The deputy, who was assigned to the school, was behaving in ways typically associated with fear or panic, the lieutenant told investigators. He was moving “back and forth,” talking to himself and “breathing heavily.”
What he was not doing was what the prevailing law enforcement protocol says was his first responsibility: Go into the building. Stop the gunman.
Peterson has been castigated and criminally charged with endangering children and culpable negligence in connection with the attack that left 17 people dead. The case against him is highly unusual and promises to raise all manner of legal questions, such as whether a police officer’s failure to perform as trained can lead to prison.
But it also raises a larger moral question: How much bravery do we expect, or demand, of law enforcement officers? What level of courage rises to the level of heroism — and what is just part of earning the paycheck?
Officers themselves are likely to hear inconsistent or even contradictory messages that may reflect the public’s polarized view of police as protectors or oppressors. Police officers rushed into the twin towers as they were collapsing; they have also shot and killed unarmed people for fear of losing their own lives.
“Every cop has heard some variation of ‘Your first job is to go home at the end of your shift,’ some version of ‘It’s better to be tried by 12 than carried by six.’ And every cop has also heard ‘You are the heroes; you are the front lines of defense; you are the ones who are supposed to run toward the gunshots,’ ” said Seth Stoughton, a former police officer who now teaches law at the University of South Carolina.
Expectations and training have changed drastically since the Columbine High School massacre in 1999, when law enforcement was criticized for failing to quickly confront the assailants and 13 people died. Until then, typical police protocol had been for officers to wait for backup, or for the SWAT team to arrive.
Dan Oates, who was the chief of police in Aurora, Colorado, when 12 people died and 70 were wounded in a shooting in a movie theater there in 2012, said officers are now drilled in tactics that put the well-being of hostages and innocents first.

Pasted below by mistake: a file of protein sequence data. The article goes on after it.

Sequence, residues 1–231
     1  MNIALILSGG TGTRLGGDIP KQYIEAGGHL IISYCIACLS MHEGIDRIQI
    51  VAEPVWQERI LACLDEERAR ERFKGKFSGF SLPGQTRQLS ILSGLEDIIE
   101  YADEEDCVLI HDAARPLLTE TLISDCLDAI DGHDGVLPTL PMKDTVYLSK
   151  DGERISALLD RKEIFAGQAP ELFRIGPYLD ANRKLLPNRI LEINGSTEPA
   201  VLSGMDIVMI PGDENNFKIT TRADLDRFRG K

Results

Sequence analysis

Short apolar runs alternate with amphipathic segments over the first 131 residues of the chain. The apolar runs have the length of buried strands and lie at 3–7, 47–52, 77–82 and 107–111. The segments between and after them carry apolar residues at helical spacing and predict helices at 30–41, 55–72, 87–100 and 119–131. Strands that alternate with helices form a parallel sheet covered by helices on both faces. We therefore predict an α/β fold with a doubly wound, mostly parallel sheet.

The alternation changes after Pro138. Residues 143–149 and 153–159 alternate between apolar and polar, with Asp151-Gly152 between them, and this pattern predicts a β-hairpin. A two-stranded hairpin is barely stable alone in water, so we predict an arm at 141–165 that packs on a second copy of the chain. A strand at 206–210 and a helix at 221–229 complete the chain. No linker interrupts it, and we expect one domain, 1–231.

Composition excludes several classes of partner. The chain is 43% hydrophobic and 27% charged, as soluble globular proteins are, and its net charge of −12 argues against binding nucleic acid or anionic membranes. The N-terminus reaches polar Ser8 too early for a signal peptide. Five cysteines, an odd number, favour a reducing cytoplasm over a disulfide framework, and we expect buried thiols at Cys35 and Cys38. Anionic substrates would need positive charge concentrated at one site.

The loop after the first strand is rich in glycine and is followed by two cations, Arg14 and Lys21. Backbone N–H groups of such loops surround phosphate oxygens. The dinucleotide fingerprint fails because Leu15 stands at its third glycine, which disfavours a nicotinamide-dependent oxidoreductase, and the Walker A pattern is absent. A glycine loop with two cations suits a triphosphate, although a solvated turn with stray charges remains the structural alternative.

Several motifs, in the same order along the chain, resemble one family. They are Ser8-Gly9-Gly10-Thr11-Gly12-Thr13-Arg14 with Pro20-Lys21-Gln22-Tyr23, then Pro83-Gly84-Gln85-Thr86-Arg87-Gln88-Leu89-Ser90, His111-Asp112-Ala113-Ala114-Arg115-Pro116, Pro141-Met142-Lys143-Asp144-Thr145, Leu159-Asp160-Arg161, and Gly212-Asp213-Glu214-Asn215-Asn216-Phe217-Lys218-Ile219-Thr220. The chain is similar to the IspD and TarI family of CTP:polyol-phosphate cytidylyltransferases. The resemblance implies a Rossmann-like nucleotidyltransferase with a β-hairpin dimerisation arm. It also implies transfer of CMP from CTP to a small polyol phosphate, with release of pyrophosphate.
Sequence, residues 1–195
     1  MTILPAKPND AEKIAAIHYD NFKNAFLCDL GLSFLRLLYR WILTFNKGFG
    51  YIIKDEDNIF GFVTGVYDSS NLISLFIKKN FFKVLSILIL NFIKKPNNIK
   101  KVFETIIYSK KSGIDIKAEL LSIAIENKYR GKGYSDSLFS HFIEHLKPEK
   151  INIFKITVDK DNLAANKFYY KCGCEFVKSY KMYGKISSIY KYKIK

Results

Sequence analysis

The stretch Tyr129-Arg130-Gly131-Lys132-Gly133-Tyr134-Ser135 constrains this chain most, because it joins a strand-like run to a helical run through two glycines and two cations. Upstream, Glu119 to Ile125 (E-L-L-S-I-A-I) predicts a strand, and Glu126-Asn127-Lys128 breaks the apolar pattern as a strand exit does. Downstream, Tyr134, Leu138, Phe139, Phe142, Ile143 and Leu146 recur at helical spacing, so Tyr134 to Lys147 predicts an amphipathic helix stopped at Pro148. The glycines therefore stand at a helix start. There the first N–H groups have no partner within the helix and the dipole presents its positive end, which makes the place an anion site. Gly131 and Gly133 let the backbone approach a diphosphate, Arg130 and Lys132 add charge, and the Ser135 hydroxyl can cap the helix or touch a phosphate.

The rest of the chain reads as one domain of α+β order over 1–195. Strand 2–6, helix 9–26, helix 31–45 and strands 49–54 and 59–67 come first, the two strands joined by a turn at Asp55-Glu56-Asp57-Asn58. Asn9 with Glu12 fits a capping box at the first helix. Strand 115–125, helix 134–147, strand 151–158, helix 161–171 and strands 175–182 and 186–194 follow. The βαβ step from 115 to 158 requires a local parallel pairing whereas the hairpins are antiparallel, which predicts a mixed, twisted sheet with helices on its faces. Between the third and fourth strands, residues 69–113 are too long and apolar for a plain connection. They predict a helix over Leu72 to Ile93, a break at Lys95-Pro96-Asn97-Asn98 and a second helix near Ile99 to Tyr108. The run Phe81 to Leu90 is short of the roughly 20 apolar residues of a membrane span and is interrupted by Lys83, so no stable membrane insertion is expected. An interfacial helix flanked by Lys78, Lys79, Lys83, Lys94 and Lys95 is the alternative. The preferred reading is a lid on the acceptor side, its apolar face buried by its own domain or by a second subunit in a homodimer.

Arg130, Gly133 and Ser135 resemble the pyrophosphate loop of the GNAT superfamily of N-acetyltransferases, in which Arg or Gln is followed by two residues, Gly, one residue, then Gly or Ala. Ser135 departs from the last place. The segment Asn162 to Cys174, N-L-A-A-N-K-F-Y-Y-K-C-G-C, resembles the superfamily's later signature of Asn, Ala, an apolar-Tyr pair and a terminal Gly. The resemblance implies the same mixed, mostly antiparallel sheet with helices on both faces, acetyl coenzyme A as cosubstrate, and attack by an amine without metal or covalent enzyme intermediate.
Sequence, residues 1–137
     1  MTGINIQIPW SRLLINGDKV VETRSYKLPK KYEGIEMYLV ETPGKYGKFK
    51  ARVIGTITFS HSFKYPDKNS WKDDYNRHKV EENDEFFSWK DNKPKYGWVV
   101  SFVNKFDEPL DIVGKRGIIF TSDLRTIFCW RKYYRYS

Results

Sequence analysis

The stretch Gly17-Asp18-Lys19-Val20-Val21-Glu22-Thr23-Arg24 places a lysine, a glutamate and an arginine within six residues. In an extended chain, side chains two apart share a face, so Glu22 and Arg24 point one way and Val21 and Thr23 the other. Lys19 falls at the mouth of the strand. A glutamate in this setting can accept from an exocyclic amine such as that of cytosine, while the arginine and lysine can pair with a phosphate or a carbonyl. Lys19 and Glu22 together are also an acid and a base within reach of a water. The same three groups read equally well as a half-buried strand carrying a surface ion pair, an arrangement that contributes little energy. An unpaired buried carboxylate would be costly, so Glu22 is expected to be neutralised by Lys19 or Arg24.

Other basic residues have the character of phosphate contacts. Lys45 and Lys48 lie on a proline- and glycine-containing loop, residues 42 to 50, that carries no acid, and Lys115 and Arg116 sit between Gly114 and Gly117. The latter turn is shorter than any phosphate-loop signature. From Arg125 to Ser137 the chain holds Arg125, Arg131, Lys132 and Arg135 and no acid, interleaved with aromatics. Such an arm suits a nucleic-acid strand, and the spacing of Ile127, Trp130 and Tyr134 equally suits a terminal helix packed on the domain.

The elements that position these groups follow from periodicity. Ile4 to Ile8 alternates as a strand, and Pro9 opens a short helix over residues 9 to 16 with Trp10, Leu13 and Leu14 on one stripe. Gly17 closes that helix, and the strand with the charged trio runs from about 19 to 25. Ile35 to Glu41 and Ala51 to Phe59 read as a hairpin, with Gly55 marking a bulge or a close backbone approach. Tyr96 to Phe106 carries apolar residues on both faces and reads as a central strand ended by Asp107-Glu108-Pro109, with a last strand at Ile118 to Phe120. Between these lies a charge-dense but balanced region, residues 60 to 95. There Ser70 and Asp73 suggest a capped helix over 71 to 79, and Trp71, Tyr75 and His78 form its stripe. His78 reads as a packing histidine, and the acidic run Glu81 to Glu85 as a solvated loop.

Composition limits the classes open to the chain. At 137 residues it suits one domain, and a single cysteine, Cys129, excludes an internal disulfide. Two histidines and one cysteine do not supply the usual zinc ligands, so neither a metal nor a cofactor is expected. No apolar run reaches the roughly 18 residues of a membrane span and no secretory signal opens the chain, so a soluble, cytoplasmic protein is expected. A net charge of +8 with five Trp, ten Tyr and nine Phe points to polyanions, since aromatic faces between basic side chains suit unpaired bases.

A large facet of the introduction of the fledgling game was Christian missionaries, who were part of the YMCA, or Young Men’s Christian Association. The game’s inventor, Dr. James Naismith, conceived of the sport at what was then known as the International YMCA Training School in Springfield, Massachusetts.
To take a round object and throw it into a peach hoop, as Naismith pictured it, could be a character-building endeavor. Soon after he invented it, missionaries began spreading it around the world, particularly in the Far East and the Philippines, in U.S.-controlled areas — a kind of sports imperialism.
The NBA and its players, recognizing the sport’s popularity in the Philippines, have invested time there in recent years. In 2013, the Houston Rockets and the Indiana Pacers played a preseason game there. According to a spokesman for the league, the NBA’s Facebook page has 7.3 million followers from the Philippines, the largest of any country outside of the United States.
This all began in the early 1900s, when basketball was introduced into schools in the Philippines. In 1913, the first Far Eastern Championship Games — an early version of what is now known as the Asian Games — took place in Manila, featuring several East Asian countries taking part in Olympics-style competitions, including basketball.
It was the first of 10 biennial events, before disagreements between the countries disbanded the games. The Philippines won gold in nine of them.
The country’s population took to the sport en masse. In 1936, its national team made the Olympics and finished fifth. At the 1954 FIBA World Championship, the Philippines won a bronze medal, the best finish for an Asian country.
Two decades later, in 1975, the Philippine Basketball Association, Asia’s first basketball league, was created. These games kept the sport at the forefront of Filipino culture and helped grow interest throughout the 20th century.